The Vedic tradition informs us that human beings in former ages were physically and intellectually by far more able than nowadays. Knowledge was passed on by oral reception since the disciples were able to remember everything by hearing it once.3 Thus, no writing was necessary. But at the dawn of the present age — the kali-yuga, or “age of quarrel” — human mankind degraded more and more and gradually lost all good qualities. The duration of life decreased, and with the loss of the keen remembrance the traditional system of acquiring knowledge ceased to be applicable. In order to prevent its decay, the Vedic wisdom had to be conserved in written form. This happened about 5000 years ago by the divine incarnation Shri Vyasadeva. He compiled the presently existing Vedic literature, namely the four Vedas, the Upanishads, the Puranas and the Mahabharata. Thus, he created no new knowledge but rather tried to preserve the original wisdom of human mankind for the oncoming generations.

At that time, devanagari was the language of the whole civilized population of the earth. But due to lack of training and careless pronunciation, the uneducated people began to develop numerous dialects. Before, such lingual alienation had been carefully avoided since it was well-known that the material and spiritual power of the language greatly depends on its purity. Now, however, various dialects came up which, after gradually deviating from the original language, could not be called devanagari anymore. New languages, called prakrta, came forth.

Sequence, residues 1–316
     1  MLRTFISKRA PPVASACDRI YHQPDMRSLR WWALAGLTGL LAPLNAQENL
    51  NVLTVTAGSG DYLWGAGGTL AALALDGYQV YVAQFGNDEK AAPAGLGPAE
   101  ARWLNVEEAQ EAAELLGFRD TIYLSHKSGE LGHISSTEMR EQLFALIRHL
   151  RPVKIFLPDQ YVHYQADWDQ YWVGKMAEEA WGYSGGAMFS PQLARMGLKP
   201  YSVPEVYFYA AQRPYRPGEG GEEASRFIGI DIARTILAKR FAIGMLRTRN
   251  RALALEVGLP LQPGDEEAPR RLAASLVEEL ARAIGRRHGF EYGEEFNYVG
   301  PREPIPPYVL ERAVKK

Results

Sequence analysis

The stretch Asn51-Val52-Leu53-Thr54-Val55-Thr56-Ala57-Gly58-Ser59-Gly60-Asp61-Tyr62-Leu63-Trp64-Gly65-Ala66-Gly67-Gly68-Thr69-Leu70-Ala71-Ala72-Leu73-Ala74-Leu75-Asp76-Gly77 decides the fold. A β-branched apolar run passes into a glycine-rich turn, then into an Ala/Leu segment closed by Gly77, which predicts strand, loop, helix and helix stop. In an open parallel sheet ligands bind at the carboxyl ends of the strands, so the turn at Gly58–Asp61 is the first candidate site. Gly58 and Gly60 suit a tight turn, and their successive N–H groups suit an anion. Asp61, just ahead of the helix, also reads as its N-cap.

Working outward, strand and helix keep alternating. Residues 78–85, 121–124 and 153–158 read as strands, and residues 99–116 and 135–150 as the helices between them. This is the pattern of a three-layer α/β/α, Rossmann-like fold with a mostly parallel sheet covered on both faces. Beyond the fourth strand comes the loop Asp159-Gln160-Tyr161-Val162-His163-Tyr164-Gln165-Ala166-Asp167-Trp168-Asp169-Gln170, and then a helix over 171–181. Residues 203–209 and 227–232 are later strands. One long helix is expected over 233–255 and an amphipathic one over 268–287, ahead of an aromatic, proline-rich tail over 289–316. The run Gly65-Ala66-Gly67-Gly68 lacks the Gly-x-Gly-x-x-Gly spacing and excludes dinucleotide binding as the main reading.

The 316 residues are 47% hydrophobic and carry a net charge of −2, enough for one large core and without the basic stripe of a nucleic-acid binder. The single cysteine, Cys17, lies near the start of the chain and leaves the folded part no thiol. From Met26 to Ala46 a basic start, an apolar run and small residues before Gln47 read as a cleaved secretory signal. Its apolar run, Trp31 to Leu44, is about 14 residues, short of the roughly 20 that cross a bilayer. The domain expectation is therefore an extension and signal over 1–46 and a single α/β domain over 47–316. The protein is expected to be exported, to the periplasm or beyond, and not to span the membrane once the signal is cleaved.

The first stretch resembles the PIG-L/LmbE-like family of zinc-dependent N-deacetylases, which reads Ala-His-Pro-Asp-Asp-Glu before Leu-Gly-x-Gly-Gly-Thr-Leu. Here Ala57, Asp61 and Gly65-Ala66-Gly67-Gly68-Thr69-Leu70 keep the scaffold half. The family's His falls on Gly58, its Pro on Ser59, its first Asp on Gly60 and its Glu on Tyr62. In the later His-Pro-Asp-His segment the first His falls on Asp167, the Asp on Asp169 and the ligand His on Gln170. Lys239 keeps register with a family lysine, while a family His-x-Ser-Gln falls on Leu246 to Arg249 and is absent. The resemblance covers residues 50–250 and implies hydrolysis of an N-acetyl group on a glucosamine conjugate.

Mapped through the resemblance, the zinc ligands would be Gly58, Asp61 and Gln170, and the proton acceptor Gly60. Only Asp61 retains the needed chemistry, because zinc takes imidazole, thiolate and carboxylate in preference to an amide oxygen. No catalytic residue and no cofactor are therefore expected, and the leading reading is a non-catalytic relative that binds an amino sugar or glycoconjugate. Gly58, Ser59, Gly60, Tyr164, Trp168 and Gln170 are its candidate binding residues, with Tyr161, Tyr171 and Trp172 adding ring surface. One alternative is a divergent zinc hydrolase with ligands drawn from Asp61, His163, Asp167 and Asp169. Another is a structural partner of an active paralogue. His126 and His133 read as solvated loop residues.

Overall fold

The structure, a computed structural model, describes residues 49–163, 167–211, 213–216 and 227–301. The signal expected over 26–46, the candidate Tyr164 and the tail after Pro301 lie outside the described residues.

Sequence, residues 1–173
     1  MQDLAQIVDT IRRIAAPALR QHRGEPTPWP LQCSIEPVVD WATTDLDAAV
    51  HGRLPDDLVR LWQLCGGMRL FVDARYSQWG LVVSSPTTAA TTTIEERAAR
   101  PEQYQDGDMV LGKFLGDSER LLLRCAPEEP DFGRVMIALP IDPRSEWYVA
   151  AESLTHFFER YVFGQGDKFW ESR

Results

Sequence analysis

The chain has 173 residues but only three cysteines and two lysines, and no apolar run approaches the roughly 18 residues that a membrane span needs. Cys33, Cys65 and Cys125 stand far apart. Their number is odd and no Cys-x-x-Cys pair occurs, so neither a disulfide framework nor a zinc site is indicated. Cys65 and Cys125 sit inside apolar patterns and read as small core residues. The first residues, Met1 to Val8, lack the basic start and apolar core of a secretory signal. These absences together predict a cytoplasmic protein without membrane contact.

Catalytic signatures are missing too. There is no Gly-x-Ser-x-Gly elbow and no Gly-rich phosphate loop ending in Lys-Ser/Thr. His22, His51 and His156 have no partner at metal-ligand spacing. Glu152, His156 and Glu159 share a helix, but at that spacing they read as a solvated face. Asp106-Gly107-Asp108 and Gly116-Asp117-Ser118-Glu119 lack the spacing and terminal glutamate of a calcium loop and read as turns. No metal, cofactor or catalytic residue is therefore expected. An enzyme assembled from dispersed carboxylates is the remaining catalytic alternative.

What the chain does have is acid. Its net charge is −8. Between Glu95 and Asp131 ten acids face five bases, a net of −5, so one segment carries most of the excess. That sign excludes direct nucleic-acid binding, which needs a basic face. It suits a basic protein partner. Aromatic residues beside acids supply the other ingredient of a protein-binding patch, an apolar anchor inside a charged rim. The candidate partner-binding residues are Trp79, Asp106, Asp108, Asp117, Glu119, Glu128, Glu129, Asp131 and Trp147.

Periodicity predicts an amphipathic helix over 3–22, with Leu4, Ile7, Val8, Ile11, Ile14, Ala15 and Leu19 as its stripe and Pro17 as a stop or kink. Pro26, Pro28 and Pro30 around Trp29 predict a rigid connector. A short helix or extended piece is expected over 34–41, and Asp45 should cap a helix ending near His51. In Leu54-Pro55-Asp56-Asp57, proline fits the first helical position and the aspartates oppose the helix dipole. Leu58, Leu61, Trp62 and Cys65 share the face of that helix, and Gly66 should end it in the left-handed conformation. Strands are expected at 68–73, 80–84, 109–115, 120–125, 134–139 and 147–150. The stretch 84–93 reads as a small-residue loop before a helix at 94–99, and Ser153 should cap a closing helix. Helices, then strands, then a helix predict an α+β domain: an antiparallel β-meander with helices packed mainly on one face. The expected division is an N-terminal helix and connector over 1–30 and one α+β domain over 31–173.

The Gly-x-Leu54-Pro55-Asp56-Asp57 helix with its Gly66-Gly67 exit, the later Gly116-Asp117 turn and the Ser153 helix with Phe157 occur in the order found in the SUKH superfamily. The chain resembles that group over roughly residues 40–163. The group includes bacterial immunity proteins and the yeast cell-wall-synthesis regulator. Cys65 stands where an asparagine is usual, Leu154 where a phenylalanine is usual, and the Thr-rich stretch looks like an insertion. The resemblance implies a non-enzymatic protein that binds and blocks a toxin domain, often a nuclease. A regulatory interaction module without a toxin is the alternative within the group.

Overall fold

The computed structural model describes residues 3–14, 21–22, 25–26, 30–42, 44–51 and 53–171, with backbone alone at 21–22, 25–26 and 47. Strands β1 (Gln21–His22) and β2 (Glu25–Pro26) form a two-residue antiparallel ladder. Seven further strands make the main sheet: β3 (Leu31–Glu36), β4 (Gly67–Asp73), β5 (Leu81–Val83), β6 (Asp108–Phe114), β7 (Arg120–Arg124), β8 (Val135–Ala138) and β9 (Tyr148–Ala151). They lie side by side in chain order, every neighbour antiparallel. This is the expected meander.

With the further progress of kali-yuga, these prakrta dialects spread more and more, up to the grade of dominating the original pure language. Finally, they were adopted even by the educated circles. The sages and scholars of that time became alarmed. Together with its language, they foresaw the dying-out of the root of Vedic culture. Thus, they invested enormous time and effort to design a standardized grammar, with the aim of preserving the devanagari language in its original purity. Although unnecessary before, this measure seemed to be the only means of counteracting the increasing cultural, intellectual and spiritual decay of the society. [1]